Archive for the ‘!think’ Category

‘Political parties are driving our land scams’

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An interesting retrospective in the too familiar arena of Indian Politics from Charles Correa .

This article is from the Tehelka Magazine, Dated Sept 13, 2008. Image via NATIW

Our cities are out of control. Literally. But there are ways of fixing them. Architect Charles Correa dissects how for ANASTASIA GUHA

Charles Correa, 78, architect, activist and pioneer in Third World urban planning, is also angry. At the systematic way in which political parties are destroying Indian cities; at the smug inefficacy of NGOs that are doing little to save them. Correa is well placed to know what besieges our cities. Among many things, he has been Chairman of the National Commission on Urbanisation as well as the Chief Architect of Navi Mumbai. Sitting now in his impeccable sea-facing flat on Nepean Sea Road, South Mumbai, he argues strongly for a complete overhaul in the way cities are managed. Civil society, he argues, can do very little except make a noise because no one izs answerable to them. A much more radical change is needed. Excerpts:

Why are land scams increasing in so many cities across India?
Because our political parties are using urban real estate as a prime source for finances. Of course, some money stays in some people’s pockets, but the engines driving this corruption are not individuals — they are the political parties themselves.

Like the SEZs in Goa? Yes, that’s a very good example. Goa, an honest society for hundreds of years, has become extremely corrupt in a breathtakingly short period — just over a decade. How did this come about — and so quickly? Individual corruption is not enough. No, the main actors have been the political parties — and their need for funds. So any local politician, especially an ambitious one, soon learns how to earn ‘brownie points’ with the party bosses in Delhi.

But didn’t this always happen?
No, right up to the late 60s, industrialists financed political parties (a pattern that might have started with the Birlas and the Freedom Movement). Then during the Emergency, someone realised there were much bigger percentages in defence contracts. In fact, those kickbacks are astronomical. But because the CMs of the states don’t have access to these funds, they have to exploit urban real estate. In the process, they are ruining our cities.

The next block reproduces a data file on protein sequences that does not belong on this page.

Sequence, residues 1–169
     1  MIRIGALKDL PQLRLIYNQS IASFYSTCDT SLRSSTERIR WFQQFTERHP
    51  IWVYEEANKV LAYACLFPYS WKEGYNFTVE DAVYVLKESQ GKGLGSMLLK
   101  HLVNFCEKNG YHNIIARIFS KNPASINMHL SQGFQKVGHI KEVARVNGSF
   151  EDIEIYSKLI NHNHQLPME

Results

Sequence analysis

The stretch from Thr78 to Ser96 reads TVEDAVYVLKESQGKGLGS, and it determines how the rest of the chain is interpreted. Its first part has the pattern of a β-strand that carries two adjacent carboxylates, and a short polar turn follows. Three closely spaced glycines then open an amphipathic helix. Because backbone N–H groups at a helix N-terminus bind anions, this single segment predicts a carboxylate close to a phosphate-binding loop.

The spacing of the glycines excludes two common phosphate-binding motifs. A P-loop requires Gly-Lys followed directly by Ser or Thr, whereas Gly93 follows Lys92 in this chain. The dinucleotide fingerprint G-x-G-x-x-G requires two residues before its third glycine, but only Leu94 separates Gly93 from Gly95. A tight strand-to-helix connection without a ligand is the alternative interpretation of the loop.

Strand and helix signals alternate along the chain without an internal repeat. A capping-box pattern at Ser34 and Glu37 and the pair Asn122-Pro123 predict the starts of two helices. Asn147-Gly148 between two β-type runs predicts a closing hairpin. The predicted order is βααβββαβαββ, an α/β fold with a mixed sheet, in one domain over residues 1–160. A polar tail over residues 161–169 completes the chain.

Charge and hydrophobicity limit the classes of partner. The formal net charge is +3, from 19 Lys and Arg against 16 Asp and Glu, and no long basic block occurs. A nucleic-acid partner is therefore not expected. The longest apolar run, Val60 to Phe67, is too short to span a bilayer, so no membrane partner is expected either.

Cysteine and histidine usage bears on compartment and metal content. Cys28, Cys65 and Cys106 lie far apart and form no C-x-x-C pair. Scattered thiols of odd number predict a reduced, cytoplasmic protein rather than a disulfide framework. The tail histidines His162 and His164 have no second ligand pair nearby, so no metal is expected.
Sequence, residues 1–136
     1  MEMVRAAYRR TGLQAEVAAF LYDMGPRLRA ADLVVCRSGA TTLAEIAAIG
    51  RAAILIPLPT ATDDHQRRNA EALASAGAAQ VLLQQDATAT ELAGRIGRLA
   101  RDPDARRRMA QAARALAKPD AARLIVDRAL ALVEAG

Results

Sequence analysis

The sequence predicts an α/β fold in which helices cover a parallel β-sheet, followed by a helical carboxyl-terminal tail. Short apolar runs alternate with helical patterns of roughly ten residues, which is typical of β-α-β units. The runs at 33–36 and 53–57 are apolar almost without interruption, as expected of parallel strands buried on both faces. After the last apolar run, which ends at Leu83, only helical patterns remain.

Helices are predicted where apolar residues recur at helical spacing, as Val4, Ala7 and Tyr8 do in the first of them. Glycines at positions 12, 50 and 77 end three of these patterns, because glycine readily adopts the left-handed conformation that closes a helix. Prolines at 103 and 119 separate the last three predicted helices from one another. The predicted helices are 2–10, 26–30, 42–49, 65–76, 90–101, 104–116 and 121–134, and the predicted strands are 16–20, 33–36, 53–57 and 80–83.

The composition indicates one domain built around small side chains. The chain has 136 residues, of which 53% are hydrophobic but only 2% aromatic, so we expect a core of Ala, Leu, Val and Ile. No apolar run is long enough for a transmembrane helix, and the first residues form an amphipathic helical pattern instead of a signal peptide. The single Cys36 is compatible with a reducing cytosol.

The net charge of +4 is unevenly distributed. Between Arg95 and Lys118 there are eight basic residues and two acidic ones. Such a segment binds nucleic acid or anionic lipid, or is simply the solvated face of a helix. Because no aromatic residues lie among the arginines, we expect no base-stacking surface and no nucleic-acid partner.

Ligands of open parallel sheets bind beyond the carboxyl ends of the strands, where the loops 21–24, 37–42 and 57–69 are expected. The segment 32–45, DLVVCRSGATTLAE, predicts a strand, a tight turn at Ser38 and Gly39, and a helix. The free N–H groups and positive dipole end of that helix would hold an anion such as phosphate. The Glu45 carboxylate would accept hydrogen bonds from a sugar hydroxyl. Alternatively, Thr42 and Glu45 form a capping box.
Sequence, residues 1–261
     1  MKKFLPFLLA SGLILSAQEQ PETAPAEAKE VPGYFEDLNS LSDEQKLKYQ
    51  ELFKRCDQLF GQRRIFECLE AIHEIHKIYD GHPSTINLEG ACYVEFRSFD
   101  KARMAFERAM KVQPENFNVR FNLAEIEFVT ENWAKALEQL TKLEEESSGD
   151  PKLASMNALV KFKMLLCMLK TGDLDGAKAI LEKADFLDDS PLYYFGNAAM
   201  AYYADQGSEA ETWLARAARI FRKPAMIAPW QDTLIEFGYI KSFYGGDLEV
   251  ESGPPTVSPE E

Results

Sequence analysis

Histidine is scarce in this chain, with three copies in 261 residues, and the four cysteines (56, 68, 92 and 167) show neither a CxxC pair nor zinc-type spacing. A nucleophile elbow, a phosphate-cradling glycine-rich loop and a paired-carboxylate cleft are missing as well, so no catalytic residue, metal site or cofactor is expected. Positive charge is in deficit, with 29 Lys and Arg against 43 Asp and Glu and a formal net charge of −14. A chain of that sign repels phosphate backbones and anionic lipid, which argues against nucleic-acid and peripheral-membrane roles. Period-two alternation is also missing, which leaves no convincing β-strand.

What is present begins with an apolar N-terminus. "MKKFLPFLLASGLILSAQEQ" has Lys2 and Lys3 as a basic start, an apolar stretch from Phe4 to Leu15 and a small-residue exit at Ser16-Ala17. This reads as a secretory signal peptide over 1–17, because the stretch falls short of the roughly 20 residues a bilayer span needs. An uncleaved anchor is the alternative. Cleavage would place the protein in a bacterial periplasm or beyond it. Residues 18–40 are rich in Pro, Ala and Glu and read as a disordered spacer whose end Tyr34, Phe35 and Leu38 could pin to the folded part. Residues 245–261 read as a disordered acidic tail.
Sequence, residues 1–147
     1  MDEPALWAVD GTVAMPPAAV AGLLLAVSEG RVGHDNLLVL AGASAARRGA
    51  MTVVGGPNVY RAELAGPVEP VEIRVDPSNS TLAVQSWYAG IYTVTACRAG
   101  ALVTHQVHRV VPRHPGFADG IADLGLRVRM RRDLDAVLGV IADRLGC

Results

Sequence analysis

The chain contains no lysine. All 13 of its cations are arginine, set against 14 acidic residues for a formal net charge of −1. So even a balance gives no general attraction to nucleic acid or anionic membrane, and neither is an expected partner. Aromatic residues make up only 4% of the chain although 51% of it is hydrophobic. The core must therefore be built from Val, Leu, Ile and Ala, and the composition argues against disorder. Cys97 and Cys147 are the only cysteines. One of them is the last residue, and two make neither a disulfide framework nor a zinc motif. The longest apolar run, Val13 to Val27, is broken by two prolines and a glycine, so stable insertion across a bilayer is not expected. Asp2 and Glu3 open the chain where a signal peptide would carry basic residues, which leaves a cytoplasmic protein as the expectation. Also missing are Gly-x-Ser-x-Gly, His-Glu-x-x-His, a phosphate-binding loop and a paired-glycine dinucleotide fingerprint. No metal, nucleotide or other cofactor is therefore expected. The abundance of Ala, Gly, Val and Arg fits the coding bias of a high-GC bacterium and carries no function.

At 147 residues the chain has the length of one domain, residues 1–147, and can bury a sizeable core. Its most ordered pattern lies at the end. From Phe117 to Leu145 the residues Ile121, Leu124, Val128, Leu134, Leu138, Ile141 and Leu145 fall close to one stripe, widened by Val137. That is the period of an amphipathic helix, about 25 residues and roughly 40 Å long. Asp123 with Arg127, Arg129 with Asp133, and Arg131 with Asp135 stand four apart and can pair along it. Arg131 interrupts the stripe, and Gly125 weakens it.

But why doesn’t the Opposition expose what is going on?
Because every political party needs all the money it can get — and they believe, quite correctly, that their time will come next. In that sense, Mumbai is like a great milch cow, waiting to be exploited. In fact, one of the biggest perks you get when you are elected CM is the opportunity to loot the principal cities of the state — with hardly any accountability. For instance, the CM of Maharashtra, who makes all the major decisions for Mumbai (eg, increasing FARs, changing landuse, etc), is not accountable to the people of this city — because he was not elected by them. He, and all the other members of his Cabinet, have been elected from some other villages and towns in the state. So they have no reason to pay any real attention to what the citizens of Mumbai feel. And the same is true of Bangalore and Karnataka, Chennai and Tamil Nadu, etc. And each state generates its own funds, acting as a ‘Profit Centre’. This has huge advantages for the CM as well. For as long he (or she) does not ask the Centre for funds, he can give tickets to his own chamchas. On the other hand, if he asks for help, then he will have to accept someone else’s candidates. So it’s in his interests to keep the system going.

But what about public opinion, and the role of the NGOs?
Did you know that India has the largest number of NGOs in the world? It’s a reflection of the frustration of the citizenry. But unfortunately, government does not have to pay any attention at all — because their re-election depends on other voters who are not concerned with this city. So for all practical purposes, our NGOs are just a form of cabaret, performing for the media — or perhaps for themselves.

How can we change this?


Continue reading the story at the  Tehelka Magazine.

Written by Vishnu Kumar

October 26, 2008 at 7:59 pm